Digital Wallet: Is Smartphone the way to pay?

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By Lu

Digital wallet is a software that allows an individual to purchase online with a computer or a smartphone.

Since late 1990s, third party providers, led by PayPal, have been providing digital wallet services for small numbers of customers making payments online mainly through computers. The launch of Apple Pay in October 2014, followed by similar services by Samsung and other Android phones providers, attracted many customers using smartphones as digital wallets.

So is a smartphone, itself being a physical device owned by the shopper, going to turn into a second wallet?

Poineer Apple Pay: Technical advantages

Apple is the pioneer in introducing mobile payment technology in 2014. When it launched Apple Pay in October, it secured supports from all major banks and 220,000 shops in US.

All iPhone 6, 6+ and above and Apple Watch can use Apple Pay for electronic payment. The mobile wallet software is built in the memory chip of an iPhone or an Apple Watch. Each transaction is linked with a credit card account pre-chosen by the owner, who transacts everywhere the mobile device goes.

Apple Pay uses Near Field Communication (NFC), a hardware contained in new Apple devices. NFC is a technology that transfers the owner’s credit card information wirelessly to the store payment terminal (also equipped with NFC) when he puts the phone a few centimeters apart from the terminal.

Before transferring personal information, the shopper must authenticate by pressing his fingerprint on the phone’s touthpad (TouchID) or entering a passcode. This is a security measure to ensure that only the iPhone owner can authorize the payment. To add more security, the card information is passed along in a token form unknown to either the shop or Apple.

Android Pay and Samsang Pay catching up

Built from Google Wallet (released in 2011), but being more secure and convenient, Android Pay is a new mobile wallet that can store credit cards, debit cards and loyalty cards. It was first launched in US in September 2015.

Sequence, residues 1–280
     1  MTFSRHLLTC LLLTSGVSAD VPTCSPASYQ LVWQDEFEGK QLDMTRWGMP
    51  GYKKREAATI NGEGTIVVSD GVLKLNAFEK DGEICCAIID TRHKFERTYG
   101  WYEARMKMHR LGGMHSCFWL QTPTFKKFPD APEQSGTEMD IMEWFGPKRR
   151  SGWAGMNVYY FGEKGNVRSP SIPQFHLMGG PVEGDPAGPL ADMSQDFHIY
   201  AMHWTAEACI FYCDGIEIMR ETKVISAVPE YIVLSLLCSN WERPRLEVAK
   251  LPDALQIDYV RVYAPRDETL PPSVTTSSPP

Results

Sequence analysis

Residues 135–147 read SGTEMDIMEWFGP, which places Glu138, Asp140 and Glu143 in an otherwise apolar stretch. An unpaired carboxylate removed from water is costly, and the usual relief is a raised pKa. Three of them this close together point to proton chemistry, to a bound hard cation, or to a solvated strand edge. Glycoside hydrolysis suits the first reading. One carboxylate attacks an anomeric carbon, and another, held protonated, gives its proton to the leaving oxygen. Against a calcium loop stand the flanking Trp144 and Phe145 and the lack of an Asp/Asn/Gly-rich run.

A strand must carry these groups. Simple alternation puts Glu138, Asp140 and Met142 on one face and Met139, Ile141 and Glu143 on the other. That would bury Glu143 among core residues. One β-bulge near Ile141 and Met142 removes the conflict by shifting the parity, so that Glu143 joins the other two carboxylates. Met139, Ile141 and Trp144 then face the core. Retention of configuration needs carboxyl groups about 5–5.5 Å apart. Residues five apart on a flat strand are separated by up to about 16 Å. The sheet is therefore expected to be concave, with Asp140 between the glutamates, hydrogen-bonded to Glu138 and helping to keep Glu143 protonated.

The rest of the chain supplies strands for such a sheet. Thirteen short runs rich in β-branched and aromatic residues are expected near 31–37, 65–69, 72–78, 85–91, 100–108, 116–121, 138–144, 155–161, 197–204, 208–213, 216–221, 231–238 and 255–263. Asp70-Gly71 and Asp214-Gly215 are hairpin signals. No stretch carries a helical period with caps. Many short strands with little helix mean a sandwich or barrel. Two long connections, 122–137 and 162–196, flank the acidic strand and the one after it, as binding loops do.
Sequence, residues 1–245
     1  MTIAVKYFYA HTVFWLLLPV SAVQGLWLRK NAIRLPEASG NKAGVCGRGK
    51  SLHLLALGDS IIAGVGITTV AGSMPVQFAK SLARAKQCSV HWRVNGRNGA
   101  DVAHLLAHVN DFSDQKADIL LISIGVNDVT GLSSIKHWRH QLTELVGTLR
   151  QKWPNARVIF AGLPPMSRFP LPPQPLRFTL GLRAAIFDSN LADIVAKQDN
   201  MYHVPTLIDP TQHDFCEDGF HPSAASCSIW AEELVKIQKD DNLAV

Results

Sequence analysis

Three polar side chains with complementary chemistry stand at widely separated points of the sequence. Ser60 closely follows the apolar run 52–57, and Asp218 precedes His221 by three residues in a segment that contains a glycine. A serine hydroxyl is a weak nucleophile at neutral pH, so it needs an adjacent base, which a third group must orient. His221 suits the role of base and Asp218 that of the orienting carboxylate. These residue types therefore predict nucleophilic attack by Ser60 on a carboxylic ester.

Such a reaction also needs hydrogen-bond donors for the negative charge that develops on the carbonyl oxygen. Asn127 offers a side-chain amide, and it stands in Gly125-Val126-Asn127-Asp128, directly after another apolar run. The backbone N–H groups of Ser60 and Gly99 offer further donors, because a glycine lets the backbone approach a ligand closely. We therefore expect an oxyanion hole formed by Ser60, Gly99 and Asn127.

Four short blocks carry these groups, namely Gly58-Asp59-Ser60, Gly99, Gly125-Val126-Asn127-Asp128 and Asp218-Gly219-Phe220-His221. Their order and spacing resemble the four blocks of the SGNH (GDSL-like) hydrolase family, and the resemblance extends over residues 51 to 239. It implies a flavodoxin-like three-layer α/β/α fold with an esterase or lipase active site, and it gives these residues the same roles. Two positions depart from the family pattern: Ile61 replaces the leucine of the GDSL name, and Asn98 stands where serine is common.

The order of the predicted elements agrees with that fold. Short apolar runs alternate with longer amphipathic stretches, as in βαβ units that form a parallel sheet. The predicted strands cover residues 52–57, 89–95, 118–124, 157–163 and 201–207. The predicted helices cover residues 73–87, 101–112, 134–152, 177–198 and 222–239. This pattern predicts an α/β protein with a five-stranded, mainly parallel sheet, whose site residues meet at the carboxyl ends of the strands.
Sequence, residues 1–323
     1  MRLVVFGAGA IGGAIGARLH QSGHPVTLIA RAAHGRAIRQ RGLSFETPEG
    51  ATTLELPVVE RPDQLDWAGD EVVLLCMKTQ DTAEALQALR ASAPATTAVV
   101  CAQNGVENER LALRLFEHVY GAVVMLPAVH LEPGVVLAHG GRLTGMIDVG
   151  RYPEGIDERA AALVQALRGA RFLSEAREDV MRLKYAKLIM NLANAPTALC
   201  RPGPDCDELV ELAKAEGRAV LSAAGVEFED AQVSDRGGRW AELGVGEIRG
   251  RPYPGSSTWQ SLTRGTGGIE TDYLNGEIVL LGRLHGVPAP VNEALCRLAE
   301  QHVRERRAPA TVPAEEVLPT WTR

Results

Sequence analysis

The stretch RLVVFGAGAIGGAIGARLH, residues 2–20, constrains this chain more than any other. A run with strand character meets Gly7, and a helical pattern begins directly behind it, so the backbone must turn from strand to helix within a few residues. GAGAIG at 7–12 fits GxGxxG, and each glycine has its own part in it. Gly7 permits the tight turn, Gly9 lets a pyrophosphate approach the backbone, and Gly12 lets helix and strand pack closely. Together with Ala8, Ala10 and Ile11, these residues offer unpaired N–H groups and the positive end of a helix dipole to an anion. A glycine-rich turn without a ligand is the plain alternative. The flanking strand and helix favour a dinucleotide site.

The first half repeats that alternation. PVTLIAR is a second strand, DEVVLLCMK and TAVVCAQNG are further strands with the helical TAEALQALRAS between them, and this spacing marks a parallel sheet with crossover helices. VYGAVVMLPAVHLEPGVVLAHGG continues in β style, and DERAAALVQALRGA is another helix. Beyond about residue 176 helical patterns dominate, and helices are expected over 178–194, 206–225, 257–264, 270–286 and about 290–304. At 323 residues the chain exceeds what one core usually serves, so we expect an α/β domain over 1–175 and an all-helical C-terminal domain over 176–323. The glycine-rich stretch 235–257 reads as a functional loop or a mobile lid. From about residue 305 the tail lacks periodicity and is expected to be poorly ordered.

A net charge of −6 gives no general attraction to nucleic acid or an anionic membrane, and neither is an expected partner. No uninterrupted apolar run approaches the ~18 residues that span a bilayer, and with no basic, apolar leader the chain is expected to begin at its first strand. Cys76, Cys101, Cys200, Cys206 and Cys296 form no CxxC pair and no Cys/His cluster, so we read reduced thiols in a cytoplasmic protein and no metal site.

Android Pay is used for all Android smartphones with Near Field Communication (NFC) chips. Its customer operates by downloading a software from Google Play store and entering his credit card details. To pay in shopping, he authenticates by entering a PIN code or a password.

Samsung Pay was developed for specific Samsung Galaxy mobile devices, such as Galaxy S6 and S7 series and 2016 models. It was launched in US in September 2015.

Samsung Pay works with not only NFC payment terminals, but also traditional magnetic stripe card readers via a technology known as Magnetic Secure Transmission. By using this technology, card data can be transmitted to the reader’s swipe slot as magnetic signals like the card’s magnetic strip.

Mobile apps from banks and merchants   

While Apple Pay, Android and Samsung Pay are gaining users, large banks in US and some European countries start to introduce mobile payment apps to lock in their customers. Customers who use the banks’ payment app can do things such as quickly checking their balance before making purchases.

MasterCard just expanded its Masterpass digital wallet starting in US in 2016 by partnering with many banks and retailers. Shoppers can use their smartphones to purchase items via their MasterCard accounts by logging on merchants’ websites or by tapping at store checkout terminals.

Some merchants (e.g. Walmart, Coca Cola) are keen to offer their own mobile payment apps to integrate store rewards in mobile app and collect customer data or facilitate purchase by tapping on (Coke) vendor machines.

Customers slow to adopt mobile payment

Survey data collected in 2016 showed that most smartphone users were aware of mobile payment. Some registered with apps, but only a few (over 10 per cent) have used mobile payment.

Some expert findings show that customers are used to carry credit cards in their wallets and the process of credit card transaction is not much of a burden.

Another common reason is that customers do not know if a merchant can accept mobile payment. In fact, it takes time and costs for merchants to upgrade their payment terminals to have NFC (Near Field Communication) capability.

Mobile Wallet is the future

Apple and android phone vendors, banks, merchants and payment networks (Master, Visa) all stand to gain, when mobile payment becomes widespread.

Also it is easier and more secure for customers to pay by smartphones than credit cards. But it is not easy to change consumer behavior in a short period.

It is expected that more financial incentives and other benefits will be offered to customers to motivate usage in smartphone payment. Mobile transactions are forecast to multiply in a few years from now.